moron FUDging the b00ks... (0)

Anonymous Coward | more than 11 years ago | (#5046328)

buy the #'s?

see also: payper liesense stock markup FUDge peddlers strike IT ?rich? despite ?hard times? being ?had? buy all [yahoo.com] ?

see also: shrub0nomic profomulahs still used buy stock markup frauds.

see also: bill&art's accelleNT ADventure?

see also: va.msn.net, ticker: (VAST) [trustworthycomputing.com] ?

wIEnIE boyz (-1, Offtopic)

Anonymous Coward | more than 11 years ago | (#5046362)

quit whining. take the test drive. it won't hurt a byte. trust US, & the 'natural' markup forceUS. uid be better off. go watch tv. folks WHOaRE a lot smarter/greedier than any of US can imagine, are 'taking care' of 'things', for US. chill out. can't you see we're trying to move some vdo games here?

Oh god, lets hype it all up (5, Insightful)

Anonymous Coward | more than 11 years ago | (#5046335)

Great. I don't mean to sound like a troll, but @stake is really stretching for publicity here. 46 bytes? Do you realize how small the padding is? Yes, it's enough for a password, but keep in mind, that padding being sent out is transmitted from OLD FRAMES. These items have been transmitted before. Guess what kids? If you observe secure computing practices, such as using a encrypted login method (ssh comes to mind) and you mind your standard p's and q's, this problem should never be a PROBLEM. I am sorry, but as a professional that researches this stuff, I have to rate this vulnerability as a "really really low" and keep plugging on. In a perfect world, we would grab from urandom/random/null but this isn't a perfect world. Lets focus on remote root compromises, remote "system/admin" compromises, and lets also focus on getting IIS away from the industry. These are the REAL problems. Someone wake me up when @stake has a real advisory to give, something excellent that we are used to seeing from them, besides this trivial fluff they are going to over-hype.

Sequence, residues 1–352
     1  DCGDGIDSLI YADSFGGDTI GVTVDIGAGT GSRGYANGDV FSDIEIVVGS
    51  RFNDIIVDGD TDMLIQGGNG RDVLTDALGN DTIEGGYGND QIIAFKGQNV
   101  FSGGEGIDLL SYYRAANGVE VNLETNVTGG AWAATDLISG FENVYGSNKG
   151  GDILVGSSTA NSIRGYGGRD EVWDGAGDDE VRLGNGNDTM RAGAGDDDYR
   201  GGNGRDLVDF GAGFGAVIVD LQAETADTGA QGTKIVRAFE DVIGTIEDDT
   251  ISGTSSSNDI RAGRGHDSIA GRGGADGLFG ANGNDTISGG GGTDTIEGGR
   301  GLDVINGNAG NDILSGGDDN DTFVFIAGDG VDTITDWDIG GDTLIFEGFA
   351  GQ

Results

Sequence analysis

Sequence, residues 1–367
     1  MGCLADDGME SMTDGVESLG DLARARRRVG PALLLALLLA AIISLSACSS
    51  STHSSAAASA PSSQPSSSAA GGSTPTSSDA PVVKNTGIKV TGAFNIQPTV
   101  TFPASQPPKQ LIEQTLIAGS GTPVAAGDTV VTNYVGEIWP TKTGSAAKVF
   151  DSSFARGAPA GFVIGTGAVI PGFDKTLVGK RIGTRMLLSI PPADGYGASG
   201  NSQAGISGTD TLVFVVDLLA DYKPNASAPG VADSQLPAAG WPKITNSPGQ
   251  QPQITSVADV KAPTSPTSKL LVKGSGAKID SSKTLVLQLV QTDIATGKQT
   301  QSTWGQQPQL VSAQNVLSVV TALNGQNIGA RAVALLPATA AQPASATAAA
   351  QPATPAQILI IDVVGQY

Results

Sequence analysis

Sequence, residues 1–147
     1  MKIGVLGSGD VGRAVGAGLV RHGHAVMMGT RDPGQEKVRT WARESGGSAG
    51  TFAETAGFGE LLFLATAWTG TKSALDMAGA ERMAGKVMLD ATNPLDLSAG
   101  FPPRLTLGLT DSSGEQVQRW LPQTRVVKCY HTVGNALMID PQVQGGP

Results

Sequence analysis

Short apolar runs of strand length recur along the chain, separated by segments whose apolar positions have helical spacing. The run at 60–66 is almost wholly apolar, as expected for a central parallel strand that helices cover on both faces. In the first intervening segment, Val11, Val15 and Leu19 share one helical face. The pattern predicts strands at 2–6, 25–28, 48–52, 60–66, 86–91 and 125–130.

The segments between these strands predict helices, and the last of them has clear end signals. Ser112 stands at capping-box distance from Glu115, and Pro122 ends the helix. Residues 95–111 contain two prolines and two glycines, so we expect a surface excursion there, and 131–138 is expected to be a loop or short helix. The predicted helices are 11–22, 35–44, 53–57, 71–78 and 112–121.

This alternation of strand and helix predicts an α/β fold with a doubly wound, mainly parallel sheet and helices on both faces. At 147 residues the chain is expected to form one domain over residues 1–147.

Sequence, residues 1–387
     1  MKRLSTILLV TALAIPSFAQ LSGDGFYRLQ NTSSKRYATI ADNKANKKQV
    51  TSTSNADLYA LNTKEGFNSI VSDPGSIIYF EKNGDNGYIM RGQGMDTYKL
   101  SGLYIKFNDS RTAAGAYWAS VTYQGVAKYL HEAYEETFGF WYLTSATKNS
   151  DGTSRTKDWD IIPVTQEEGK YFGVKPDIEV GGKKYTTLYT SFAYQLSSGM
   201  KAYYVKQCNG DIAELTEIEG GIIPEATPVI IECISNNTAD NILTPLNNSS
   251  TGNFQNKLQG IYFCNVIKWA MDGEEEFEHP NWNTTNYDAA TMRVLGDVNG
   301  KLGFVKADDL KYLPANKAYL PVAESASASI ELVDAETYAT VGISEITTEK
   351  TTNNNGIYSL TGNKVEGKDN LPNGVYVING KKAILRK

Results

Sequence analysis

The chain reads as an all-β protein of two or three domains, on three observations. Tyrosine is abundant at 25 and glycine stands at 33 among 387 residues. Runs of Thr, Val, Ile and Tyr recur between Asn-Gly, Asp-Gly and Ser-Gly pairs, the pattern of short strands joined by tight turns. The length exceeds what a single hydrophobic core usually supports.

Mod me however you want, I'm a coward to /. but this will be the same position I give the Fortune 500 company I work for. /me wonders if my VP will mod me "troll" or "flamebait" =P

The drivers comply with the RFC (5, Informative)